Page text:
Fig Leaves, Fairytales, and Constitutional Foundations: Debating Judicial Review in Britain
Columbia Journal of Transnational Law, Vol. 43, No. 3 (2005), pp. 865-904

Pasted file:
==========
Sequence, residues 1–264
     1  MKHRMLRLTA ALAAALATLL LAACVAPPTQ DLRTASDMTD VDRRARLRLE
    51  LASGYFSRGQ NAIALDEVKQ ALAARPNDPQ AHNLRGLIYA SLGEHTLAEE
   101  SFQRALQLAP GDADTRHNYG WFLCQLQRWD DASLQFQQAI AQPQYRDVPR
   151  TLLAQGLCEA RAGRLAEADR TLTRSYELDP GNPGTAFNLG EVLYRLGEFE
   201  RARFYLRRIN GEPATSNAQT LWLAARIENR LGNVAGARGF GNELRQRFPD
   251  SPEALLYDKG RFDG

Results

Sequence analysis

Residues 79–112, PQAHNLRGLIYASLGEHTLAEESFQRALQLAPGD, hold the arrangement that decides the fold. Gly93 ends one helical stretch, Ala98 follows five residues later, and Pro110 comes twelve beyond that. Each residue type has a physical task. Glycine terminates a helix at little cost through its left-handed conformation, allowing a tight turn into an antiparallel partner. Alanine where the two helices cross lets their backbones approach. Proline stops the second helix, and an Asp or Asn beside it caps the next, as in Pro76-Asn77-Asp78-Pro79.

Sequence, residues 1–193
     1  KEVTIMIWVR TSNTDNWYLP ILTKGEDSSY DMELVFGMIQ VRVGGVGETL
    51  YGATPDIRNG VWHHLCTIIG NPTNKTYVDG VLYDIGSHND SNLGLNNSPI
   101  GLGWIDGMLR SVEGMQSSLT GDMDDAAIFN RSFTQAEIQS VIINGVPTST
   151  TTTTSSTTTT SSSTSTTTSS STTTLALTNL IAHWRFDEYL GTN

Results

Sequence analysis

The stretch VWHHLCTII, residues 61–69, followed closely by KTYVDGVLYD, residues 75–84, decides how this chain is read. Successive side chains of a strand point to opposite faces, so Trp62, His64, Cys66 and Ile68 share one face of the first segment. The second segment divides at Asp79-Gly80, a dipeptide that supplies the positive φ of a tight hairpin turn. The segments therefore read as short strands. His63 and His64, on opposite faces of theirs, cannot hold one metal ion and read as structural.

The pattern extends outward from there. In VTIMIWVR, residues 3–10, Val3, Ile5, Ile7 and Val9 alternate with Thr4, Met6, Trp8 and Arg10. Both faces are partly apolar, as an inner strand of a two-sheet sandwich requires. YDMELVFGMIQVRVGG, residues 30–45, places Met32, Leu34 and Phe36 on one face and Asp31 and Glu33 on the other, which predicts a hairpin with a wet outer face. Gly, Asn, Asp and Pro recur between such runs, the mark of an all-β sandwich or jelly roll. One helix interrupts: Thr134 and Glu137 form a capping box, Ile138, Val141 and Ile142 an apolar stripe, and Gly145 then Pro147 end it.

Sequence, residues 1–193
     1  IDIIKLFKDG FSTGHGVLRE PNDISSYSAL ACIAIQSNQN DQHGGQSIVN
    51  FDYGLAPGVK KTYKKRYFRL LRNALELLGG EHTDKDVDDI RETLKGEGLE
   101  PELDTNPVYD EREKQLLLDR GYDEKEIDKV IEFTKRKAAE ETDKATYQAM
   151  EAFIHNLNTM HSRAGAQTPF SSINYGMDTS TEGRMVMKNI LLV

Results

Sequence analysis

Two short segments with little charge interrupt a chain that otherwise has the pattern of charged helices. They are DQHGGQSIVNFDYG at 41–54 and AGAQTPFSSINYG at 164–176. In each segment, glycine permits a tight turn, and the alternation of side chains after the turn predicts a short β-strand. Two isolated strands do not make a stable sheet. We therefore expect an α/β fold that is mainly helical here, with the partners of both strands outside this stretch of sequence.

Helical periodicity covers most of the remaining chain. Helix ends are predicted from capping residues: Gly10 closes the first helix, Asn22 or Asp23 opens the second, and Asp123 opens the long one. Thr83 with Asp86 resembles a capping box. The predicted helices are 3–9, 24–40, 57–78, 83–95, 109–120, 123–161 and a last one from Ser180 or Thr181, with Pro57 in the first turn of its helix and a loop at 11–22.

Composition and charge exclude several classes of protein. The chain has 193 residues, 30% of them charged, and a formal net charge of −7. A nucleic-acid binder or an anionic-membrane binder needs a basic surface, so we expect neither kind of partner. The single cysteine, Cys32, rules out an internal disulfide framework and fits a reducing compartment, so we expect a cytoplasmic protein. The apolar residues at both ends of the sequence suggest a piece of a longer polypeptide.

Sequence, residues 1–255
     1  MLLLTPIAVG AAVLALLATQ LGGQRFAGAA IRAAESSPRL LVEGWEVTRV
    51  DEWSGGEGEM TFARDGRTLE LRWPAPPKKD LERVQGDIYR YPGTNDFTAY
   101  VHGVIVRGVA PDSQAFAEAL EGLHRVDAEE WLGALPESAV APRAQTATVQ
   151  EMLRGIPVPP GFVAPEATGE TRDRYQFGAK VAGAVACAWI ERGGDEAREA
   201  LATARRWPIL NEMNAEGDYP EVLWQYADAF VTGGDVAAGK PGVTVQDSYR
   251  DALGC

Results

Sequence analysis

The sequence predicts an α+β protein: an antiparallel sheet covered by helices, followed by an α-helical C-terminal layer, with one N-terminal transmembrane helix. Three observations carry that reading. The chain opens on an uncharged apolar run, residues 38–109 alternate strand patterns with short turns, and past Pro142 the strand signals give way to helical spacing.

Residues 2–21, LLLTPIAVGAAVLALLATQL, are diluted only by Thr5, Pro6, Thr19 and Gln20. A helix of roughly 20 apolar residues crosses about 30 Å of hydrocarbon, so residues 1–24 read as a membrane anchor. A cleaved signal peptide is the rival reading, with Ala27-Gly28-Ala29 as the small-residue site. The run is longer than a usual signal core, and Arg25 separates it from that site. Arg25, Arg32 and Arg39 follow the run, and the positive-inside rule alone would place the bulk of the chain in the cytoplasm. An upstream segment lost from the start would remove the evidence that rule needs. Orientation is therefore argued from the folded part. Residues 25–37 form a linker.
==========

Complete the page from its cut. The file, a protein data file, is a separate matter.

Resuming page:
This Article examines an important and vigorous debate going on in Britain about the origins and justifications, within that country's legal system, of judicial review. The Article traces the recent evolution in British legal thought about the theoretical justifications for judicial review. It begins with an examination of the traditional Diceyian approach to judicial review, based exclusively on the British doctrine of parliamentary sovereignty, and goes on to examine the current “common law” approach, which acknowledges a role for British judges engaged in judicial review that is independent of Diceyian notions of parliamentary intent. The Article then broadens in scope, discussing how the debate in Britain, while superficially unique to that nation, in fact raises foundational issues important to any democratic nation struggling to balance judicial protection of individual rights with democratic-self governance. The Article concludes by highlighting several ways our own struggle with judicial power can be enriched by a deeper understanding of the British debate.